Book vs Movie: The Dark Half by Stephen King

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Been a while since I did one of these. Haven’t been too good at planning things out and sticking to a regular publishing schedule. Hopefully, in this new year that will change. This post only came about because I was gifted the matching set, book and DVD, of The Dark Half. Probably because this is an older one, I hadn’t read it yet, still working my way through Kings back catalog.

I have to say even for Stephen King, this story is pretty fucken bonkers. Writer Thad Beaumont kills off his crime novel writing pen name George Stark before it can be exposed by a creep looking for a payday. However, George was always more than just a name and becomes his own complete living and breathing person just in time to fight for his right to exist. He digs himself out of his imaginary grave to go on a killing spree, targeting anyone involved in his demise, naturally saving Thad for last. I enjoyed the book, it’s pretty dark and damn suspenseful. And very obviously inspired by King’s own life, at least partly. However, it leaves so many unanswered questions. There’s an implied connection to Thad’s absorbed twin and references to folklore involving sparrows as a link between the land of the dead and living. But there’s never really an explanation for George’s physical manifestation. As much as I enjoyed the story I was left wanting more. But I guess ending with the mystery is better than a half-hearted attempt that tanks the whole story.

With George Romero directing, Timothy Hutton as Thad, and Michael Rooker as Sheriff Pangborn, I was expecting a lot from the movie before it even started. It pretty much lived up to expectations. About the first third of the movie sticks pretty close to the story from the novel, switching around a couple scenes and condensing things down a bit. Then it veers off and goes in a slightly different direction. We get a slight attempt at applying some logic to George’s appearance, but it didn’t add much to the story. One major difference was the intense focus on Thad and George, most of the other characters fade into the background. Hutton was great as both. I like that Thad is portrayed a bit darker the movie, it’s a bit of foreshadowing early on to the reveal of George Stark. I wish Rooker had more screentime but, but Sheriff Pangborn’s role in the movie was dramatically reduced. I’d say it was a good movie, but the story still feels very hard to believe.

This is a hard one. I enjoyed both but it really felt like there was something missing in both. There are too many holes in the story, it takes a lot of suspended disbelief to buy into it. Since I have to pick one, I’d go with the book. The characters actions and leaps of logic in the movie are a little too far-fetched. The way things unfold in the novel comes across a tad bit more realistic, at least enough to make it more enjoyable.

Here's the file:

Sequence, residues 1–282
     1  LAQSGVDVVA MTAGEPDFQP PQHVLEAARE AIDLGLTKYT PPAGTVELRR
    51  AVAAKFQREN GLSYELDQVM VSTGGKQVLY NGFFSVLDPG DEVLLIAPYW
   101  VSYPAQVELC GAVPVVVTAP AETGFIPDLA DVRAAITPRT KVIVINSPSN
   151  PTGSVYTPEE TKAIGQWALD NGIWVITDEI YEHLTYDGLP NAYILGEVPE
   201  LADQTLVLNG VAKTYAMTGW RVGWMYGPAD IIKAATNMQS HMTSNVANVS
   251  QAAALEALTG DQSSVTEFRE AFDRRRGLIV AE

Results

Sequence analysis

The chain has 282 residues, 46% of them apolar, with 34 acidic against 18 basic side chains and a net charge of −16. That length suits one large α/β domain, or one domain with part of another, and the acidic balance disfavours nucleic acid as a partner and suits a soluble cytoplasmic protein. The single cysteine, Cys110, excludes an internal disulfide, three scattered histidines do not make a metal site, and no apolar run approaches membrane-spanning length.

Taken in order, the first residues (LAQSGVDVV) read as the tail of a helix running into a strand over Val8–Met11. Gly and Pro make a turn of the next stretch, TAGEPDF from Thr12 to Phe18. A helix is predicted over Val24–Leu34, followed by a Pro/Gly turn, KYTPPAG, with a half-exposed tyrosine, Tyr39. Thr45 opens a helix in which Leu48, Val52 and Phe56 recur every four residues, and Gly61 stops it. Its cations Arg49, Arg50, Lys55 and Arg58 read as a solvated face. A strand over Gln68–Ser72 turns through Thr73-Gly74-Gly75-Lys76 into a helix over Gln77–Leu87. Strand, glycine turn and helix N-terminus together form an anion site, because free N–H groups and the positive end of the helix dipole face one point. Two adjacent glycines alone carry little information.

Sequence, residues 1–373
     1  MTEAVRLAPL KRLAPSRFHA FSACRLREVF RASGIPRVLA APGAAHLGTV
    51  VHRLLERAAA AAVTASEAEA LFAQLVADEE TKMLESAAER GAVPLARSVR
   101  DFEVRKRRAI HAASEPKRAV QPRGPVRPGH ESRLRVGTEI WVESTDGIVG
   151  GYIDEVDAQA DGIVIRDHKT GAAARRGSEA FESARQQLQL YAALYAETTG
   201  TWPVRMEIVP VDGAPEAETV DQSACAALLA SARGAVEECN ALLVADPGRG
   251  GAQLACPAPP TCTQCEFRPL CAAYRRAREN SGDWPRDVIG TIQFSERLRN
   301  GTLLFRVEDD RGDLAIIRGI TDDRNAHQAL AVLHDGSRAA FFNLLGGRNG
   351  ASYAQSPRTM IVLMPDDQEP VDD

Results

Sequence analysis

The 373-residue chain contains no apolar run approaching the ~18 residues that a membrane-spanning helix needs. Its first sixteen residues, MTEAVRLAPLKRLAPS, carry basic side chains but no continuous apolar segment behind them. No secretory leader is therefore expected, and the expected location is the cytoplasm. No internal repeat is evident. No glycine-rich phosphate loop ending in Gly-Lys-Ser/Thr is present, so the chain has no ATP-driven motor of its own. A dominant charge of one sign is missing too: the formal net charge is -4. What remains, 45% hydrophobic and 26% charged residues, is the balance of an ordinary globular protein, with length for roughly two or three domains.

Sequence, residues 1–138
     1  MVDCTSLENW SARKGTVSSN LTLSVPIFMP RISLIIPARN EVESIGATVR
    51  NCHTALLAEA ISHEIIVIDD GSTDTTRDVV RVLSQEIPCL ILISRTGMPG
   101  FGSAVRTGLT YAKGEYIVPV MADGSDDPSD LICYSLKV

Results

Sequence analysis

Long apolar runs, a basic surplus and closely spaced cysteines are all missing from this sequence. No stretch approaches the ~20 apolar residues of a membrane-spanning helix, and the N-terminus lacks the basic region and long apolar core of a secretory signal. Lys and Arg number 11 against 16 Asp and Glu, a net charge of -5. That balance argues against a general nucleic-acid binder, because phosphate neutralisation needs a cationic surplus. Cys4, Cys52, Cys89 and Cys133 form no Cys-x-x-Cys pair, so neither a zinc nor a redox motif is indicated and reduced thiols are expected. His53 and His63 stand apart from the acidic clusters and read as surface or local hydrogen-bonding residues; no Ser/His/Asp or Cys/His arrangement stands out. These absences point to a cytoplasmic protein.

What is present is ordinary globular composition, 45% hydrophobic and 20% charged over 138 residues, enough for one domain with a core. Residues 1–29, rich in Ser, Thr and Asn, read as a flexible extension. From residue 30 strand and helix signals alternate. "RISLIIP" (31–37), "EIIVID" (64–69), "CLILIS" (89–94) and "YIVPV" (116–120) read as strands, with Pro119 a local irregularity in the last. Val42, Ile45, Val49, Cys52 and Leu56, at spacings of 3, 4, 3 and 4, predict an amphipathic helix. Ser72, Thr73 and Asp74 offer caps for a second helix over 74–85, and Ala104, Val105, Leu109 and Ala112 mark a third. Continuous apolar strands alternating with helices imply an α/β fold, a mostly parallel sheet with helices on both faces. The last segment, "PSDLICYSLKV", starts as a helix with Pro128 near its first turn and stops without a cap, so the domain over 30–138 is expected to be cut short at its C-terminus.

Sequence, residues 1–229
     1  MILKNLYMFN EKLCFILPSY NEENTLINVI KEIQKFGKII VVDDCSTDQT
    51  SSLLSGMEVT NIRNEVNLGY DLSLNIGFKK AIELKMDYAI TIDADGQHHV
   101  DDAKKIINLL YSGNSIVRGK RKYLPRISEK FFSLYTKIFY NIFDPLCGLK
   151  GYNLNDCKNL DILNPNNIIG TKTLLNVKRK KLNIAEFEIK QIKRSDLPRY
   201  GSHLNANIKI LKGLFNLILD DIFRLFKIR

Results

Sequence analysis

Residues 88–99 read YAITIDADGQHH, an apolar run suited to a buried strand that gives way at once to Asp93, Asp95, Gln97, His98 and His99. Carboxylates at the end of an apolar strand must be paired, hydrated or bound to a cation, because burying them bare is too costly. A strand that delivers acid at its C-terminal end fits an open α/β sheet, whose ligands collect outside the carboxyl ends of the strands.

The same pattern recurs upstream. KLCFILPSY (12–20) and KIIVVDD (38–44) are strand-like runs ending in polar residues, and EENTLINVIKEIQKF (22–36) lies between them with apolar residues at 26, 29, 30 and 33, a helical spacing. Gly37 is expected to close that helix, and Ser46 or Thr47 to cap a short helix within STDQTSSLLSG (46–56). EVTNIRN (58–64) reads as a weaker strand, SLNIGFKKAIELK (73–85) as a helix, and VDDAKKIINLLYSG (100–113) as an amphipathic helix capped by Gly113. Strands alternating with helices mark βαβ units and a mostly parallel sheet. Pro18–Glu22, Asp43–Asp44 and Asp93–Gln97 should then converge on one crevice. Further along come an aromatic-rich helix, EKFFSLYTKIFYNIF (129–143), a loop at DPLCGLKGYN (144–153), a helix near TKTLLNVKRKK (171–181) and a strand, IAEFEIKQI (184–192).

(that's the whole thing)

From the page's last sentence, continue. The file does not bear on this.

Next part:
Book vs Movie: Fahrenheit 451 by Ray Bradbury

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I have to admit I wasn’t too thrilled with either the book or movie adaptation of Fahrenheit 451. Mostly I’ve heard of it referenced in relation to other similar dystopian future novels featuring an authoritative government and a controlled passive citizenry. I never really saw the appeal, although I did recently read 1984 and liked it. In Fahrenheit 451, the story is centered on Montag, who’s job as a fireman is to burn books. Inevitably, conflicted about his work, he steals and hides books from the homes he’s sent to. I liked the story, it was okay and the ending was really good. But as Montag begins to read through the books he’s hidden, much of the text ends up being quotes from classic works of literature. Not only does it pull away from the story it started to feel like a chore to read.

On this rare occasion I actually preferred the movie to the book. Except for the one major issue. The movie really emphasizes the lack of text and reading in this world and maybe takes it a little too far. Their newspapers are depicted as pages of pictures only and even work personnel files are simply pictures of the worker at different angles. So how in this world where there’s no way to encounter words does Montag, of all people a fireman, even know how to read. The book doesn’t portray the world as completely lacking the written word, just no books. That makes it much more believable than the movie where there is literally not one written word in this society.

Ignoring that it was a good movie. I enjoyed watching it more than I enjoyed reading the book. Best scene had to be the guys flying around on jetpacks. The movie was made in 1966, so their idea of what the future would look like and the effects to create it are pretty damn funny. They made some minor changes to the story, and the ending was slightly different but it was a pretty good adaptation of the book.